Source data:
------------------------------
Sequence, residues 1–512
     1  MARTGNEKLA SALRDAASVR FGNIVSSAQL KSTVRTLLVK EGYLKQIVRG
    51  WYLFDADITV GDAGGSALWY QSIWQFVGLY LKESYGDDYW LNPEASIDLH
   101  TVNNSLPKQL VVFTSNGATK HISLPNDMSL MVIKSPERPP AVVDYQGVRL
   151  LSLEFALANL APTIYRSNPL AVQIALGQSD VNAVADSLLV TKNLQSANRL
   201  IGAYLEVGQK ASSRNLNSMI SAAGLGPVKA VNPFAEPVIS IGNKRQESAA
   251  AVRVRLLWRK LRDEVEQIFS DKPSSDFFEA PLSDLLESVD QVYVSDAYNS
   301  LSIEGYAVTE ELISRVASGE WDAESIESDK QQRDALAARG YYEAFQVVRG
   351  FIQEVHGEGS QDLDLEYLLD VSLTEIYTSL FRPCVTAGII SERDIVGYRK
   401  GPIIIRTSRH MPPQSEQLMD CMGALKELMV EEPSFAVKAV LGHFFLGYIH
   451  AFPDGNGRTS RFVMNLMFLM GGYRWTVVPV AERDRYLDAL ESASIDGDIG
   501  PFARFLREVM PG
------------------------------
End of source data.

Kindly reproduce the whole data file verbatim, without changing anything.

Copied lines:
Sequence, residues 1–512
     1  MARTGNEKLA SALRDAASVR FGNIVSSAQL KSTVRTLLVK EGYLKQIVRG
    51  WYLFDADITV GDAGGSALWY QSIWQFVGLY LKESYGDDYW LNPEASIDLH
   101  TVNNSLPKQL VVFTSNGATK HISLPNDMSL MVIKSPERPP AVVDYQGVRL
   151  LSLEFALANL APTIYRSNPL AVQIALGQSD VNAVADSLLV TKNLQSANRL
   201  IGAYLEVGQK ASSRNLNSMI SAAGLGPVKA VNPFAEPVIS IGNKRQESAA
   251  AVRVRLLWRK LRDEVEQIFS DKPSSDFFEA PLSDLLESVD QVYVSDAYNS
   301  LSIEGYAVTE ELISRVASGE WDAESIESDK QQRDALAARG YYEAFQVVRG
   351  FIQEVHGEGS QDLDLEYLLD VSLTEIYTSL FRPCVTAGII SERDIVGYRK
   401  GPIIIRTSRH MPPQSEQLMD CMGALKELMV EEPSFAVKAV LGHFFLGYIH
   451  AFPDGNGRTS RFVMNLMFLM GGYRWTVVPV AERDRYLDAL ESASIDGDIG
   501  PFARFLREVM PG